The suspect, who had been detained on charges of allegedly issuing unlawful land ownership documents in Phuket and Phang Nga, was found hanging in a detention room on the sixth floor of the Department of Special Investigation’s (DSI) headquarters in the early hours of Aug 30.
A previous autopsy conducted at the Police General Hospital revealed Mr Tawatchai suffered abdominal haemorrhaging and had a ruptured liver, possibly as a result of being hit by a solid, blunt object.
This led to questions being raised over whether Mr Tawatchai really committed suicide as claimed by the DSI or died from injuries after a physical assault.
Wisit Wisitsora-at, director-general of the Department of Juvenile Observation and Protection, is chairman of the committee.
He said forensic experts will have to go over the forensic evidence received.
A more precise test is still needed to clearly determine the cause of Mr Tawatchai’s death, he said.
The committee will ask the Central Institute of Forensic Science to conduct a CT scan on Mr Tawatchai’s body to examine the skeleton, said Mr Wisit.
The committee consists of two teams. One is responsible for processing information gathered from the pathological test on the body and the other for compiling evidence and witness accounts that will be analysed along with the forensic evidence, he said.
More information on the cause of Mr Tawatchai’s death is expected to come from the next meeting of the committee next Tuesday (Sept 27), he said.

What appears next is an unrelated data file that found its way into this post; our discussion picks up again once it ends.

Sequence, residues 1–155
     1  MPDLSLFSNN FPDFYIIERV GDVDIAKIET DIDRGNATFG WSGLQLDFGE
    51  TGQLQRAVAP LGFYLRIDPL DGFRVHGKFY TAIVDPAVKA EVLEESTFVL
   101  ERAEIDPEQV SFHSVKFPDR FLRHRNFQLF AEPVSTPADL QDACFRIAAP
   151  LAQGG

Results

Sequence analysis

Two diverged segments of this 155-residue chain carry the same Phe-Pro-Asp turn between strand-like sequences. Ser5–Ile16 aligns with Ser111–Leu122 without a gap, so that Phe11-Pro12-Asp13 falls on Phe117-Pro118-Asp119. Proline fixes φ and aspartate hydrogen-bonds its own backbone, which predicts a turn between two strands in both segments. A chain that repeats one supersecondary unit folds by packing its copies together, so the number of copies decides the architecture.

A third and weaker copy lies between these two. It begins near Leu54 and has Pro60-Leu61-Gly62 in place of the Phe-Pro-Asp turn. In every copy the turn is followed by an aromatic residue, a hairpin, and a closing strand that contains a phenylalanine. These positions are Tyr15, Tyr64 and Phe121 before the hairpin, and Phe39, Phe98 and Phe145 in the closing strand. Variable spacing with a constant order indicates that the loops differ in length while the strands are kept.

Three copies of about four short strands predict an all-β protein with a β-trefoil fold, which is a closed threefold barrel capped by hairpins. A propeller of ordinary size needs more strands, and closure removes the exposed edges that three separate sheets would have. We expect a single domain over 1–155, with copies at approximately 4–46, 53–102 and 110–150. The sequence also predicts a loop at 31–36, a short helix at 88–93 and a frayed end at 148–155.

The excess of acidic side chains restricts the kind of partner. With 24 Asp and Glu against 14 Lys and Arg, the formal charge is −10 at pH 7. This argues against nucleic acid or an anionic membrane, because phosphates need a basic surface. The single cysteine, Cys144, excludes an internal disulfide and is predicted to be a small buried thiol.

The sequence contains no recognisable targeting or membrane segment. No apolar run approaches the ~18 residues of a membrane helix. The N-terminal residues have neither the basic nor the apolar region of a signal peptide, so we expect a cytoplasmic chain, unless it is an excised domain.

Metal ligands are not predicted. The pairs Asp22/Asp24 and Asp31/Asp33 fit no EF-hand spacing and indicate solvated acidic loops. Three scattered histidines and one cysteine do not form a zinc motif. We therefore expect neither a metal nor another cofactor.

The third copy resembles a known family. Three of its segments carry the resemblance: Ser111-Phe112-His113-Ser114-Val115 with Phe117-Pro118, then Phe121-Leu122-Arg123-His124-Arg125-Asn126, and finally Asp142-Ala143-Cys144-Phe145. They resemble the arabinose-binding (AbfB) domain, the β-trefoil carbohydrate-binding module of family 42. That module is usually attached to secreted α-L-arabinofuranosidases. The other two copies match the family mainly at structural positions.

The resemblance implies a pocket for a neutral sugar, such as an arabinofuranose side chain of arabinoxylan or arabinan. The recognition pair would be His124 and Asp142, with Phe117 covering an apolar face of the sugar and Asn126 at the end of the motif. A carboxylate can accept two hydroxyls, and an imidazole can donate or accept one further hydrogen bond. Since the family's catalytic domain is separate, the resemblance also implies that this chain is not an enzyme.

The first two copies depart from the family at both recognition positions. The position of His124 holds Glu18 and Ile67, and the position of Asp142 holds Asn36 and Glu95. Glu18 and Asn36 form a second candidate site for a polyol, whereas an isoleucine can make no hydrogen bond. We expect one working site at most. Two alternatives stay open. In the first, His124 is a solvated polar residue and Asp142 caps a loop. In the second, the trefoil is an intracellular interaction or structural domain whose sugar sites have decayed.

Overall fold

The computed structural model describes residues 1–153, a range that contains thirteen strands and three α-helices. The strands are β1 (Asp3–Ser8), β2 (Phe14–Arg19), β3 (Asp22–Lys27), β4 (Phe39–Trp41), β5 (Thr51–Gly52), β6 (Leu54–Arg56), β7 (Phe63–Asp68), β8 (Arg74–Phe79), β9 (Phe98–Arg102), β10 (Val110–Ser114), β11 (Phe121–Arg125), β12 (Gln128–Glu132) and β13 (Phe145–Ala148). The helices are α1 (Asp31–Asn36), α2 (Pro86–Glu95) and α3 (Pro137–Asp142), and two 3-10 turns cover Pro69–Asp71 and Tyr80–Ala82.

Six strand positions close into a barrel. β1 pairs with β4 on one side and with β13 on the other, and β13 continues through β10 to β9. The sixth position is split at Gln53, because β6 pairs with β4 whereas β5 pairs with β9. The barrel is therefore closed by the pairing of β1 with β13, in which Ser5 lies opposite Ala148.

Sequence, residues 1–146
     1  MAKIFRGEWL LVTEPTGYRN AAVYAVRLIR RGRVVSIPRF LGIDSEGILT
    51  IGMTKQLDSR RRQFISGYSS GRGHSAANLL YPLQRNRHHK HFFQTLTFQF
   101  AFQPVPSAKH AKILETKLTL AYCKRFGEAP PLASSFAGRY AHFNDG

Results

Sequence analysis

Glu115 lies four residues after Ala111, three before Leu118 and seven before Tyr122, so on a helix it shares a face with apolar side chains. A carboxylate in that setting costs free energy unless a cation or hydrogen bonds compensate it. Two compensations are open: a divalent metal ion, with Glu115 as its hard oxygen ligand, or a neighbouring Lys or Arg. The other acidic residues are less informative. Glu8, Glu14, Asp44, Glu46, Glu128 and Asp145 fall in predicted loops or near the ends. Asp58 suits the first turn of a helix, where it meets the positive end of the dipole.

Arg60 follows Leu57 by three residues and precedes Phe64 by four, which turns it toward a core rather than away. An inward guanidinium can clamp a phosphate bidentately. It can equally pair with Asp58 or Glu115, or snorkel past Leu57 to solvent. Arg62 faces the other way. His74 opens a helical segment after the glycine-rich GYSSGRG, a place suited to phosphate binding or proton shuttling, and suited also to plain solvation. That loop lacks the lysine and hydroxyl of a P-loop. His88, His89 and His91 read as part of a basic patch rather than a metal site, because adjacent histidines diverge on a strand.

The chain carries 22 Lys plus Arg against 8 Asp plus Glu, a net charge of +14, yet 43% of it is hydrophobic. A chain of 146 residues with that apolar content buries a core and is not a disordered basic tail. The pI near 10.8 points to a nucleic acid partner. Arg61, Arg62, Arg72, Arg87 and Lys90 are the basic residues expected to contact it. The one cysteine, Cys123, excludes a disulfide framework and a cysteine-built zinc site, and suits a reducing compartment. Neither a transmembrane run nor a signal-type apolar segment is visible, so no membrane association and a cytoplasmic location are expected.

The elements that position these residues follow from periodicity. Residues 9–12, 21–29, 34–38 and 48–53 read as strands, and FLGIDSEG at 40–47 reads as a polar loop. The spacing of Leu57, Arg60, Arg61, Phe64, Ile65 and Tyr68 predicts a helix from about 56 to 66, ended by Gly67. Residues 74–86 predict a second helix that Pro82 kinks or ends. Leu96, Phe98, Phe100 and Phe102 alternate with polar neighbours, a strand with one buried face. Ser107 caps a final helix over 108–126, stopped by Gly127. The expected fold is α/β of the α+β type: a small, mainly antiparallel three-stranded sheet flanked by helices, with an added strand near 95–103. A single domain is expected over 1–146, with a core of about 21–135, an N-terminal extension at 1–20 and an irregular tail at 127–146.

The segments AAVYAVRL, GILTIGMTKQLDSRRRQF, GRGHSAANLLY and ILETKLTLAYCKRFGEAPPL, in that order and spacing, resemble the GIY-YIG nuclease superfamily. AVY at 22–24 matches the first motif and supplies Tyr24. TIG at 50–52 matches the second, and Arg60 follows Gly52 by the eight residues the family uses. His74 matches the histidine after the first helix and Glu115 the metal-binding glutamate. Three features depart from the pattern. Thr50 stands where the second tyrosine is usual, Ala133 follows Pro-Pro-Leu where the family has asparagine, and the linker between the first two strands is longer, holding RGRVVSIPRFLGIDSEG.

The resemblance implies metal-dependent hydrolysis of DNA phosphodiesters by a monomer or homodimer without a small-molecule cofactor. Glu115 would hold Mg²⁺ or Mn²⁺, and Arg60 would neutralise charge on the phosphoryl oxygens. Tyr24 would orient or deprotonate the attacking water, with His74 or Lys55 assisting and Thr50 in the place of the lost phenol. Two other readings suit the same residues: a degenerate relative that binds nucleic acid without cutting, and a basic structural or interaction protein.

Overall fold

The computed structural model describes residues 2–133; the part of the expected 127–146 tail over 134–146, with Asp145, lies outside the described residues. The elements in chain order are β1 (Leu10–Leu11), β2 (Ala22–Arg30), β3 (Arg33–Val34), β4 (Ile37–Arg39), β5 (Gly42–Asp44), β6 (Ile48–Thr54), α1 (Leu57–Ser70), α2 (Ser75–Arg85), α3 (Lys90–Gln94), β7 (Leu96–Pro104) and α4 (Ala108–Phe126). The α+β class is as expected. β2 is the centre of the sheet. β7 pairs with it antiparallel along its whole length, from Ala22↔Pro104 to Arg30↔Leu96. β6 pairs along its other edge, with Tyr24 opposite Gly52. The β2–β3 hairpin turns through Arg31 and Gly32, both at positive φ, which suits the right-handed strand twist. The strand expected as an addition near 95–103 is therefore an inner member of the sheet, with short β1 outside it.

According to prior statements from the DSI, Mr Tawatchai lost consciousness when officials entered his room and found him hanging from a door hinge. A nurse and assistants were immediately called in to give him first aid before he was rushed to nearby Mongkutwattana Hospital.
Mr Wisit said a preliminary conclusion points to a ruptured liver as the cause of death, but he refused to confirm the findings until further examinations are conducted.
The committee will conclude the cause of death once it is certain it has all the results, he said.
Members yesterday (Sept 20) met five experts on abdominal cavity treatment to discuss the findings from the committee’s investigation.
The experts were Dr Parinya Tawichaikarn, chairman of the Royal Collage of Surgeons of Thailand; Dr Preecha Sirithongthawon, a specialist on trauma surgery from Siriraj Hospital; Dr Ratphli Phak-at, a trauma surgery specialist from Chulalongkorn University’s Faculty of Medicine; Dr Sophon Krisanarangsan, adviser to the Thai Resuscitation Council; and Dr Parinya Khunawut, chairman of the same council.
Last month, the DSI admitted that some security cameras installed near Mr Tawatchai’s detention room did not work properly, with DSI chief Paisit Wongmuang saying there was “only a fault in recording images”.
The department had hired a company to reinstall the recording system in May, and the work is expected to end on Oct 27, he said.
Justice Minister Paiboon Koomchaya said though it was plausible the DSI’s security camera system failed to capture the events surrounding Mr Tawatchai’s death, DSI director-general Paisit Wongmuang owed the public an explanation as to why it was faulty.
He expects the ministry panel probing Mr Tawatchai’s death to complete its task within 15 days, saying only the forensic evidence could determine the cause of death as there was no witnesses to the alleged suicide.
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